If you like Greek songs, especially those of your parents’ and grandparents’ generations and have a flair for understanding the lyrics, check out Chris Macheras’ Instagram page.
The Melbourne-based lawyer-by-day artist-by-night has recently discovered a creative outlet combining his passion for Greek music and talent for drawing.
“I was sitting at my desk and, as always, listening to Greek music which tends to be more therapeutic for me.
I was listening to Ρολόι Κομπολόι […] drawing a watch and a kompoloi and then just started thinking “this would be a cool idea if I would just put down some lyrics as well’.
And thus Chris’ sketches began to form.
The 30-year-old launched an Instagram page with his artwork (greeksongdrawings) a few weeks ago and already has a three-digit number of followers, most of them from the diaspora communities in Australia, US and the UK, as well as from Greece.
Artists Glykeria, Natasa Theodoridou and Nino Xypolitas have also got in touch with him praising his work or even asking for a personalised drawing on one of their songs.
Naturally, part of the credit goes to his family too, who initiated Chris in the musical tradition.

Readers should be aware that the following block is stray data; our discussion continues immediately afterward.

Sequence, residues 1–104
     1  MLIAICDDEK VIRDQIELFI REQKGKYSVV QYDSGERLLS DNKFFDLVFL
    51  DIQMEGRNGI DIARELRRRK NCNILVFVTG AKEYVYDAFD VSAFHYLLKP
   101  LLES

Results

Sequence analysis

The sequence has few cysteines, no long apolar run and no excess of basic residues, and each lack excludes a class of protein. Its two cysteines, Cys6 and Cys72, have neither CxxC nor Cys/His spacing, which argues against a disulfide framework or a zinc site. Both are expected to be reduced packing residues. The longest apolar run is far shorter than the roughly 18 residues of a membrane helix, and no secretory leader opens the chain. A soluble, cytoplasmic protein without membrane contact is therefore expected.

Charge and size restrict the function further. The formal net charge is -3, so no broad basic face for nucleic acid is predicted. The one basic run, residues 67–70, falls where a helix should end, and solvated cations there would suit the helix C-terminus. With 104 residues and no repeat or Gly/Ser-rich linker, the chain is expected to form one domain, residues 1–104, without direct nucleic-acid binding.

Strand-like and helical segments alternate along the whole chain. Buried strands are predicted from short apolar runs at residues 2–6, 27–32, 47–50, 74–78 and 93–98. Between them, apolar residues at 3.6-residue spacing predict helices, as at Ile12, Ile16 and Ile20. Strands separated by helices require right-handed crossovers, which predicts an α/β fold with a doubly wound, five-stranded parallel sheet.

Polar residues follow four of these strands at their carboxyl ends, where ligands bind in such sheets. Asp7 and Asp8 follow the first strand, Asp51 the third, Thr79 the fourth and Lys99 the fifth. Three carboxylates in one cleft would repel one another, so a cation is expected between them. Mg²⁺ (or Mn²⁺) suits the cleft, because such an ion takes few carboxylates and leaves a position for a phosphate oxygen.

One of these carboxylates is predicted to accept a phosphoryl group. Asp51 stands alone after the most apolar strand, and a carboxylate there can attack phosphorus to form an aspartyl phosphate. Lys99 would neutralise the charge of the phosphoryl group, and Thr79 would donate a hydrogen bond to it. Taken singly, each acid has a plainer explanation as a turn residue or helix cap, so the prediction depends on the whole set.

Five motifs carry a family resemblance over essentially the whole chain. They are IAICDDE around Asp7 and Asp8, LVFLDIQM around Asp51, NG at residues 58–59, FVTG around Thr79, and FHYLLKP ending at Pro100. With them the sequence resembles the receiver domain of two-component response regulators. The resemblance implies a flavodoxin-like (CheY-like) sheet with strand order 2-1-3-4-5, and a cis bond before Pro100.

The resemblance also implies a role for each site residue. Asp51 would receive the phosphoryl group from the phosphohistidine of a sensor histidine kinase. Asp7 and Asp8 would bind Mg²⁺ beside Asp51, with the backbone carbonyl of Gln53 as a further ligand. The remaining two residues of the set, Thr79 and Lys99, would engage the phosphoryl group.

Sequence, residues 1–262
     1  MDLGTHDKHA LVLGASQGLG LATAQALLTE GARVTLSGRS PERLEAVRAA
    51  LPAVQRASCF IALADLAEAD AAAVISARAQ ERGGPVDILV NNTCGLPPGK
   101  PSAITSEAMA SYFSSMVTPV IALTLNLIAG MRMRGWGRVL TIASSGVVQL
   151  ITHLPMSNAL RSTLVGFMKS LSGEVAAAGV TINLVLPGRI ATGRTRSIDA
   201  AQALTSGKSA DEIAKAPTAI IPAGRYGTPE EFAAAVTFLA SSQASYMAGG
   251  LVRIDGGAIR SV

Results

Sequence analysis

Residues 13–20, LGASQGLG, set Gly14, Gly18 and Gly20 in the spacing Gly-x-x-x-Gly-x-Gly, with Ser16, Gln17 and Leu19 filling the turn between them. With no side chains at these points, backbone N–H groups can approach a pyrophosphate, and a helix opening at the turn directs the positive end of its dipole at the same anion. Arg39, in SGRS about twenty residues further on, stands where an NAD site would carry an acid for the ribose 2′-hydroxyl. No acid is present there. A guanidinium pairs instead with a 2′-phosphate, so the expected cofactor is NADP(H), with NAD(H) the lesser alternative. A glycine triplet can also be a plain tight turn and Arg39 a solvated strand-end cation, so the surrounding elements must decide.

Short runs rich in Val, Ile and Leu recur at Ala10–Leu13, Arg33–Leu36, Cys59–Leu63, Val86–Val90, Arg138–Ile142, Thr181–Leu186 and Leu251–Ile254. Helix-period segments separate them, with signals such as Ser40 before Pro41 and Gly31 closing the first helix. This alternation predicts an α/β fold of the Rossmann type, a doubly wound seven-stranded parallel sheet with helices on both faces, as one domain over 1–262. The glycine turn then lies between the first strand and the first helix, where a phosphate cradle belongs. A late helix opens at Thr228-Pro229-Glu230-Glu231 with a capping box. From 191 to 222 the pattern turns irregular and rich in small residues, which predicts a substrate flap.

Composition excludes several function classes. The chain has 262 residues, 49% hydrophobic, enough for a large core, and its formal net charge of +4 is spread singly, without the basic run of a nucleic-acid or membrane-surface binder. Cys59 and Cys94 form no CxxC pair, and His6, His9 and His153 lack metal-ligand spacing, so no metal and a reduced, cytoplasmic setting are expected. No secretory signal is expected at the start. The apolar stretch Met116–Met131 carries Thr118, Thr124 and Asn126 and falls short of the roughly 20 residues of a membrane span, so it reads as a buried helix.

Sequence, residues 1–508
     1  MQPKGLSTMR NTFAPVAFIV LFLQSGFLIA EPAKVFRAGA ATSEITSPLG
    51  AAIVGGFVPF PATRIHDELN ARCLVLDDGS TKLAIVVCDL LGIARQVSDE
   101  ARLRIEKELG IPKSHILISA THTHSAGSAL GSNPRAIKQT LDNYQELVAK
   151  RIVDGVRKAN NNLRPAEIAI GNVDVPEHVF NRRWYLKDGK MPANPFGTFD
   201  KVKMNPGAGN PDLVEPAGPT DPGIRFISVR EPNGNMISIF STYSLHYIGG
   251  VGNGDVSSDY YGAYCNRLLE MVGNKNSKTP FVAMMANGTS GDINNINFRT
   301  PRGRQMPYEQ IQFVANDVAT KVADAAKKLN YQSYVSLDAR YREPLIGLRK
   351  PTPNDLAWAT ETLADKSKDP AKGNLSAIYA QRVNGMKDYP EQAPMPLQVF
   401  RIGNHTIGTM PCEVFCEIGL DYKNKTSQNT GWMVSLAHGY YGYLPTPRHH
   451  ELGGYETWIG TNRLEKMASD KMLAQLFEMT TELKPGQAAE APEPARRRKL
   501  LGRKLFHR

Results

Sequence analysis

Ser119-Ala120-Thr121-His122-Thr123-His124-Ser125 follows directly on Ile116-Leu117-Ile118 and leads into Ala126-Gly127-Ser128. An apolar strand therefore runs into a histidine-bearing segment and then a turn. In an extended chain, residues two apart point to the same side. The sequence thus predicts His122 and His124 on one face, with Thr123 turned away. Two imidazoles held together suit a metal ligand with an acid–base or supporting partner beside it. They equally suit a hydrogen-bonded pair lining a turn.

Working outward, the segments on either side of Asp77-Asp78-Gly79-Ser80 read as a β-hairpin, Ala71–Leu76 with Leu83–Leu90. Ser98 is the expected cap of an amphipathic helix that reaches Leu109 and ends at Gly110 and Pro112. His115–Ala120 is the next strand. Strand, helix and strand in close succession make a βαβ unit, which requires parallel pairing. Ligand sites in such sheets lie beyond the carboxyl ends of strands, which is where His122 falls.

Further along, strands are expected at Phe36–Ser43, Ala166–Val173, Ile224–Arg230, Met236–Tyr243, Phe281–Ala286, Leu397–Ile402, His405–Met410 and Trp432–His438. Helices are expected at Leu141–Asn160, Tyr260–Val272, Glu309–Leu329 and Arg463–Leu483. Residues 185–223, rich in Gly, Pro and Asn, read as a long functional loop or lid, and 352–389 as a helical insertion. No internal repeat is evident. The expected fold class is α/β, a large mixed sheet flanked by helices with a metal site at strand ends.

“I think it was more thanks to my yiayia and pappou who raised me too with my parents working. We’re a very proud Greek family and a very musical family too. My pappou, who recently passed away, was playing the bouzouki and I played it for a bit as well.”
Family gatherings and attending traditional weddings from a young age exposed him to different music genres, but as Chris recalls a Greek school session where students were asked to analyse Stelios Kazantzidis’ song Βράχο βράχο τον καημό μου made him realise that he is drawn more by songs talking about the migrant experience.
“I like all kinds [of Greek music really], but I love the sort of music that pertains to μετανάστες,” he notes, “but newer stuff too, even those songs that have a παραδοσιακό feel.”
Chris has developed a solid association with the Greek community over the years, having also served in the National Union of Greek Australian Students (NUGAS) Victoria Committee. Through this lens, he describes his new artistic venture as a great medium for fellow Greek Australians and their children, in efforts to preserve the language.
But above all it’s a platform for engaging with Greeks around the world who share the same love.
“There’s so many Greeks and music is universal but it’s also something very personal and very important in our culture and I think it ties us all together. I’ve got people from all around the world sending me requests and it just shows […] that wherever we are in the world we can be connected through Hellenism.”